Anyway in the meantime, by way of compensation, I've put a new short story on the blog 'The Dead Don't Talk'. This was my entry to this year's British Fantasy Society Short Story Competition a while back. It didn't make the final which means I'm now free to share it with you. It touches on the themes of war crimes and remembrance. The original draft had some linking paragraphs of third person narration. Which on reflection were a bit like the voice-over in the original theatrical release of 'Blade Runner'. I think it works better without them and leaves the reader free to draw their own conclusions. This is the form is which it was submitted to the competition.
The reason for the delay to the release of revised edition of Rebels is two-fold. Firstly I have a lot going on in my day job at moment. Although that's not something I generally blog about. Secondly, with the night's drawing in, I'm trying to cram as many walks in as I can to satisfy my passion for hill walking before British Summer Time ends. Ticking a few unvisited mountains and hills off my bucket list along the way. And that's something I'm happy to blog about.
There were no less than five other people on the summit when I finally found it in the thick clag (cloud) that had descend. I only saw ten other people all day. A welcome contrast to Snowdon itself, the world's busiest mountain (with over a quarter of million visitors each year). Where the queues for the summit can resemble the January sales. I'm told by locals it was a busy day by Aran Fawddwy's standards. Which has seen a 'surge' in visitors since it was featured in a two of the UK's leading walking magazines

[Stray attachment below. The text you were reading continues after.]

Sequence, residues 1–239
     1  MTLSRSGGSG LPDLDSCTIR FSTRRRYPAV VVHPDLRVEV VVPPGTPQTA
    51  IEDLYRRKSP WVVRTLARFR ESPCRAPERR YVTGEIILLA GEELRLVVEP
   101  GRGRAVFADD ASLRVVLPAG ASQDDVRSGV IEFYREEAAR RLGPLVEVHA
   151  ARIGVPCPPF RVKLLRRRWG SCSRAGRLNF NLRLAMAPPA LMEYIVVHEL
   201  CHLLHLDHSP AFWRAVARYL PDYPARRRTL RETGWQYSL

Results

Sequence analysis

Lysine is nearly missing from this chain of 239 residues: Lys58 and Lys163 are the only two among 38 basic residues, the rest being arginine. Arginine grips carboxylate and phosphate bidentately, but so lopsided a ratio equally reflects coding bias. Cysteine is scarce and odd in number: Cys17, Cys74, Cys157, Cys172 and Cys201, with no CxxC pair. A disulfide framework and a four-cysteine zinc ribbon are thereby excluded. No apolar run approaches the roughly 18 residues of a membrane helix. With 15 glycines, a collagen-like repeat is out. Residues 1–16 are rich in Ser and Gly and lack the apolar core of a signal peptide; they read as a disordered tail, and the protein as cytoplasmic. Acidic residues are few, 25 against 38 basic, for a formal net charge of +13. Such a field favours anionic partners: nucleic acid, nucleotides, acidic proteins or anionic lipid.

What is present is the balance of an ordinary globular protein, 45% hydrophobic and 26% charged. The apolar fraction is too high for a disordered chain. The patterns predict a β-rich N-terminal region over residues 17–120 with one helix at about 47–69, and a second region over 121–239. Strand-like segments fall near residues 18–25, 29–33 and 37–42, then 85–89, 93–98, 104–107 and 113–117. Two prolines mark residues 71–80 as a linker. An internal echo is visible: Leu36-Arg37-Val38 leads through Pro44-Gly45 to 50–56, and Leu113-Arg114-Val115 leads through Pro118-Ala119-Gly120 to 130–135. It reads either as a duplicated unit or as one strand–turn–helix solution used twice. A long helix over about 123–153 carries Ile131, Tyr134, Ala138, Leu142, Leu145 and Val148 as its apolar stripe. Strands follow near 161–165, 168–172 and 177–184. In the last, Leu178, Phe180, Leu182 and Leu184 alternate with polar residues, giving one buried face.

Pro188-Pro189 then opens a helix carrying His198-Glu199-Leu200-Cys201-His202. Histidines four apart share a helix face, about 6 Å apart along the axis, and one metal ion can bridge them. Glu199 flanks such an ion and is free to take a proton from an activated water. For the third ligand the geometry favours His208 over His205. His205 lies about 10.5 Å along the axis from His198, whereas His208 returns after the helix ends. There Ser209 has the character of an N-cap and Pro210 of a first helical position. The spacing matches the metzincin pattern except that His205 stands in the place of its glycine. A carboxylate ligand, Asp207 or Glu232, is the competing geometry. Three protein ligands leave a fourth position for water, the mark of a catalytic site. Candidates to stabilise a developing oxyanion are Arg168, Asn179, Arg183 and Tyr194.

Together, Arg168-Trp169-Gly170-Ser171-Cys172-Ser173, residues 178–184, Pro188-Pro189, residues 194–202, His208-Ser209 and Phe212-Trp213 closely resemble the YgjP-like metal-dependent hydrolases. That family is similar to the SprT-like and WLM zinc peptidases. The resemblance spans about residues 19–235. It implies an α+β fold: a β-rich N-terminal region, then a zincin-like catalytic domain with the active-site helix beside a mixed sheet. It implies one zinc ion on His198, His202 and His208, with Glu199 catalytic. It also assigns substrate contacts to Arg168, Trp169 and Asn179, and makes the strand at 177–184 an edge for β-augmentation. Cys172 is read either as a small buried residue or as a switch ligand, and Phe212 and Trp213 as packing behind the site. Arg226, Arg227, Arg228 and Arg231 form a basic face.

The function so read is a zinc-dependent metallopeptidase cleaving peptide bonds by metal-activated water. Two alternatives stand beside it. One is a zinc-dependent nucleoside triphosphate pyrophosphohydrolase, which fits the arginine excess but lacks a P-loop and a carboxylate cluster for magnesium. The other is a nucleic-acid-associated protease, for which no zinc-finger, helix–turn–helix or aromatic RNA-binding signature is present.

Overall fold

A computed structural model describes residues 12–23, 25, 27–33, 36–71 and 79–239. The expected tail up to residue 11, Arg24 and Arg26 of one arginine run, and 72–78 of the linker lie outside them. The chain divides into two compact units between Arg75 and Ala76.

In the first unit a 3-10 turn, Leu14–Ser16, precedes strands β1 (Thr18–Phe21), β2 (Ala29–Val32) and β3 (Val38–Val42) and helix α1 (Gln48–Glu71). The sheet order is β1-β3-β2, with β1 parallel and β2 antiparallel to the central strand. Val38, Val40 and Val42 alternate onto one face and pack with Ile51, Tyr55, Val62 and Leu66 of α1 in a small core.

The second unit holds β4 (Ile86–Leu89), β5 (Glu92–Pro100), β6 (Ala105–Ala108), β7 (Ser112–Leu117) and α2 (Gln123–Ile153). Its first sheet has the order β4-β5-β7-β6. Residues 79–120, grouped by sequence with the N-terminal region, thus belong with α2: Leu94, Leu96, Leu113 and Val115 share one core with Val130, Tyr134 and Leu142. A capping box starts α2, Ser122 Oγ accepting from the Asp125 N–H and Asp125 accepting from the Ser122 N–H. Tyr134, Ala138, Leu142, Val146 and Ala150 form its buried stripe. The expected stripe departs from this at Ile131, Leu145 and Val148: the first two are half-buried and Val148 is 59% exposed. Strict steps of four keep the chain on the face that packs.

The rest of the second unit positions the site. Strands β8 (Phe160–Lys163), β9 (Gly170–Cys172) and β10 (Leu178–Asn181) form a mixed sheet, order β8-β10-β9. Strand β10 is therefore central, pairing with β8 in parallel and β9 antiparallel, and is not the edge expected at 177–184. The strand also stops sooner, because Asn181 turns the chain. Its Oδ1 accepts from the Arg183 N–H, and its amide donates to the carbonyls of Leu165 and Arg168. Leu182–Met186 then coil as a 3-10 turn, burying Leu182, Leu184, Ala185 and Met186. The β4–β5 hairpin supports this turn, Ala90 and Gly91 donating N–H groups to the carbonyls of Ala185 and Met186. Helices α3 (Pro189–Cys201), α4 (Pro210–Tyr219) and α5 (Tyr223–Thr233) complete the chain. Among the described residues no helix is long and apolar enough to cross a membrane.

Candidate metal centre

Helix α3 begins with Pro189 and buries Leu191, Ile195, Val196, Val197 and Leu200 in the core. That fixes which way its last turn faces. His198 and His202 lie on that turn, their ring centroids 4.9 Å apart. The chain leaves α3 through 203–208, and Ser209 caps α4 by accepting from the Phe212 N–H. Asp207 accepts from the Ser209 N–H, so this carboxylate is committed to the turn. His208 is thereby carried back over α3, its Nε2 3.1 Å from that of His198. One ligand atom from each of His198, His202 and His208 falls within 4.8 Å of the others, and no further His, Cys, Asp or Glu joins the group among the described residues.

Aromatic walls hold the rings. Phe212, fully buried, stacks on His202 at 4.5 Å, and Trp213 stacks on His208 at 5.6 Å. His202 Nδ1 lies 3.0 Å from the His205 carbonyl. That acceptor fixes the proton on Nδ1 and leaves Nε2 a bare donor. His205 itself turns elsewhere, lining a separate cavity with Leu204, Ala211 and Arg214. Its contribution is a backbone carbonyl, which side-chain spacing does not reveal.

For me one of the joys of walking is researching the loyal history, myths, legends and folklore of places I visit. Snowdon for example is steeped in Arthurian folklore and the lake of Glaslyn (reached via the miners track) supposedly the resting place of Excalibur. While Bala, like many lakes in Wales, has its own version of the Loch Ness Monster. Meanwhile Doxey pool on top of the Roaches, in the Peak district, is home to the evil green haired water sprite Jenny Greenteeth. In one form or another Jenny, like Nessy, is a recurring theme associated with many bodies of water across Europe.
These are a throwback to a dimly remembered pagan past. Cultural memes that have reverberated through time to the present day. Jenny's hair is no doubt the blanket weed found in many pools that could ensnare the unwary potentially resulting in their drowning. It's not hard to see how our prehistoric ancestors would rationalise this by ascribing it to evil spirits and to keep children away from the water. How the distorted howling of a wild dog or wolf in mist shrouded mountains would become a supersized, supernatural hound come to claim the spirit of those unfortunate enough to hear it.
But these myths are not static they evolve over-time. Early Christian missionaries transformed the hounds of Annwn into the hounds of hell come to carry heathens off to the under-world. One can only wonder what new meanings these stories will have a thousand years from now.
That for me then is one of the joys of taking the path less travelled (even if it does occasionally mean falling into a peat bog or otherwise getting into trouble), it's a life enriching experience. A chance to escape from the narrow conformity and demands of modern life. In the last few years I've trod paths that the vast majority of people will never walk, seen things they will never see and experienced things they will never experience and my live is the more unique and richer for it. So, so long as I'm fit enough, healthy enough and wealthy enough (petrol isn't cheap after all) I will continue to take the road less travelled and occasionally the well trod one as well. And, my kids will hate me for this, insist when the times comes on having my ashes scattered on top of a bloody big mountain somewhere...